Winners of the Team research medal from the Vocanic Risk Solutions Group, from left: Emma Phillips, Dr Bob Stewart, Dr Emma Doyle, Jon Procter, Professor Vince Neall, Dr Anke Zernack, Dr Kate Arentsen, Associate Professor Mark Bebbington , Dr Gert Lube, Anja Moebis, Associate Professor David Johnston and Suzy Cole.
Research leaders honoured at medals dinner
Guest speaker Professor Sir Peter Gluckman.
Early achiever medal winners Dr Aiqian Ye, Dr Leigh Signal and Dr Matthias Lein.
Massey’s research leaders were honoured last night at the Research Medals dinner at the Great Hall on the Wellington campus.
Guest speaker at the black-tie dinner was the chief science adviser to the Prime Minister, Professor Sir Peter Gluckman, who congratulated the University for honouring its researchers in this way.
Professor Peter Schwerdtfeger, from the Institute of Advanced Study at the Albany campus, and Professor Anne Noble, from the College of Creative Arts in Wellington, were each awarded a medal for individual research.
Fundamental aspects of chemistry in relation to quantum physics – such as the chemistry and physics of gold – have been the major research focus for Professor Schwerdtfeger during his five years at Massey, earning him three consecutive Marsden grants over the past three years – a unique achievement.
One of the professoriate of three at the New Zealand Institute of Advanced Study, he has earned multiple accolades and prizes as one of the top-ranked physical scientists in the world.
His Marsden-funded projects include experimental and theoretical investigations of the nanostructures of gold for a better understanding of the quantum size effects in nano-structured materials, and understanding and modelling the behaviour of dynamic clusters of atoms and molecules in heavy metal clusters.
Professor Noble’s indelible photographic imagery is known far beyond Massey’s halls of learning where she is a professor at the School of Fine Arts.
Her contribution to international contemporary photography is recognised with representation in many gallery collections worldwide – notably Musee du Quai Branley, Paris, the Australian National Gallery and the Queensland Art Gallery International Collection of Contemporary Art.
From a 1982 exploration of the Whanganui River, to her graceful 1988 photo essay about the contemplative life of nuns, to pictures of her daughter Ruby showing off vividly coloured sweets and, latterly, breathtaking desolate images of Antarctica, Professor Noble’s work covers a broad canvas.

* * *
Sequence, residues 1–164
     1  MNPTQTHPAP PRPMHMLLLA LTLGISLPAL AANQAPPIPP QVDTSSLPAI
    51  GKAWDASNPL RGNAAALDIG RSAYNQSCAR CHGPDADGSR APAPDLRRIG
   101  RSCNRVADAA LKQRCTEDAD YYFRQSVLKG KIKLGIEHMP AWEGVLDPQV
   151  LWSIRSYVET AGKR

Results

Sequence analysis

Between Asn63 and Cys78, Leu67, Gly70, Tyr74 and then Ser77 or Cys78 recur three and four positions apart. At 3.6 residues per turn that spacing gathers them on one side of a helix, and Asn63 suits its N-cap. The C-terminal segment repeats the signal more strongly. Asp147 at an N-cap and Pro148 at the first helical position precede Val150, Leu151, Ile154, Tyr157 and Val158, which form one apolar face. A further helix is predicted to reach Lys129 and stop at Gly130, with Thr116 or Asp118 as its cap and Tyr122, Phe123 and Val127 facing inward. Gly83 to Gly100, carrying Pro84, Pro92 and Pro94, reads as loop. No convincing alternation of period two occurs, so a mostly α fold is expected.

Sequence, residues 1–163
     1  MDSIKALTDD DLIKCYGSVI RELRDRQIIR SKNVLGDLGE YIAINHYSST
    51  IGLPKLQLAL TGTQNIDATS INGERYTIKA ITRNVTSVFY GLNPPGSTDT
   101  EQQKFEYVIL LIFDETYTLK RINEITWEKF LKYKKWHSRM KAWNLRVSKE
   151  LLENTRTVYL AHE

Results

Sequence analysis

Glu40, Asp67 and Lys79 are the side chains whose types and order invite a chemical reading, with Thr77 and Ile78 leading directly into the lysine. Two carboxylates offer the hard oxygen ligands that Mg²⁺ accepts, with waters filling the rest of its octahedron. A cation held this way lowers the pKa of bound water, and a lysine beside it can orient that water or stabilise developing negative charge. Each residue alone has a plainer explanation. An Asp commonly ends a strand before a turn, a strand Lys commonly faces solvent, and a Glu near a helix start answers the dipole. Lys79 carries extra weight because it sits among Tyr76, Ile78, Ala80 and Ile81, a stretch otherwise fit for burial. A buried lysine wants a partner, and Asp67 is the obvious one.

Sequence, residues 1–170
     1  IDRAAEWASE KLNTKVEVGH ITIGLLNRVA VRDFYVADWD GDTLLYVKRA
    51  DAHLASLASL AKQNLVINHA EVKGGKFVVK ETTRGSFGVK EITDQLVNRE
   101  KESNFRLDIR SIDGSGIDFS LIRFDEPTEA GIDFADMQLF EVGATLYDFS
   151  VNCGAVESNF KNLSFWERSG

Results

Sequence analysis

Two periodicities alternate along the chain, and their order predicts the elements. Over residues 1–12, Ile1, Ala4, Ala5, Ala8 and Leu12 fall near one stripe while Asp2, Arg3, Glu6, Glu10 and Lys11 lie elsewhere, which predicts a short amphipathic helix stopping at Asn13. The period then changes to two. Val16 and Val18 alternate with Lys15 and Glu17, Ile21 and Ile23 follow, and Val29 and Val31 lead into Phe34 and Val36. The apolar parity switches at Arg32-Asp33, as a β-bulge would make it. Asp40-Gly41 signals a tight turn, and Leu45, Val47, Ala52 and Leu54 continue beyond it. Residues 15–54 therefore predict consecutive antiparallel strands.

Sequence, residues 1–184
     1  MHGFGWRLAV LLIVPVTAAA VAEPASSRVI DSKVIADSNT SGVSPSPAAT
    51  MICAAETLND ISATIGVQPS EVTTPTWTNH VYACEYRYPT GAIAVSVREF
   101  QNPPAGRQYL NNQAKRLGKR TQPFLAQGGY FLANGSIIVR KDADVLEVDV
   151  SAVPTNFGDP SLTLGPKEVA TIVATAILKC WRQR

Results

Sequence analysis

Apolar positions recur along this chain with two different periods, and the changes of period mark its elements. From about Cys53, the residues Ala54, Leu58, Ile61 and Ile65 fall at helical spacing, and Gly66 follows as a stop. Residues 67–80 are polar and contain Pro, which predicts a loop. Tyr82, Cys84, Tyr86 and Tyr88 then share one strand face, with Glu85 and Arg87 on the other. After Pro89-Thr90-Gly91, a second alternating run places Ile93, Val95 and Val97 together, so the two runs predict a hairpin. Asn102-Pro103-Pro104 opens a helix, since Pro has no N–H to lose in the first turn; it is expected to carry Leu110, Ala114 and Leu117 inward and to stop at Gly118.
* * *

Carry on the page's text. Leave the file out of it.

The Volcanic Solutions team based in the Institute of Natural Resources at the Manawatu campus, led by Associate Professor Shane Cronin, won the Team Research Medal.
The team carries out high-profile research on volcanic risk and volcanic geological issues throughout New Zealand, southwest Pacific and Asia. It has secured $7.5 million in research funding since its inception in 2004.
In that time the team has published 80 journal articles and 12 book chapters, presented 18 keynote lectures to conferences around the world and delivered 231 conference papers. It has supervised 14 master’s/bachelor (hons) and six PhD students to completion and currently has four master’s and nine PhD students.
Professor Hugh Blair Professor is the recipient of the University Research Medal – Supervisor. In 33 years, Professor Blair has supervised 39 successful postgraduate students, 28 completing master’s degrees and 12 PhD graduates. Professor Blair, a professor of animal science, is an acknowledged expert in animal genetics.
Early Career Medals were won by Dr Matthias Lein of the Institute of Advanced study, Dr Leigh Signal from the Sleep/Wake Research Centre and Dr Aigian Ye of the Riddet Institute.
Assistant Vice-Chancellor (Research) Professor Nigel Long says the Massey Medals and awards are recognition of the excellent research under way. “I congratulate each of the medal and award winners, and this year I am particularly pleased to see the diverse range of disciplines represented.
“Massey is committed to excellent research, with strong foundations already laid set to be enhanced by the research pathway highlighted in The Road to 2020.
“A number of initiatives are under way to nurture our research environment, with the intention of providing a research community dedicated to making a difference to New Zealand and the world, and ensuring every researcher feels a valued part of that community. Recipients of the Massey Medals are acknowledged as among the best both here at Massey and externally: it is extremely pleasing to celebrate their achievement.”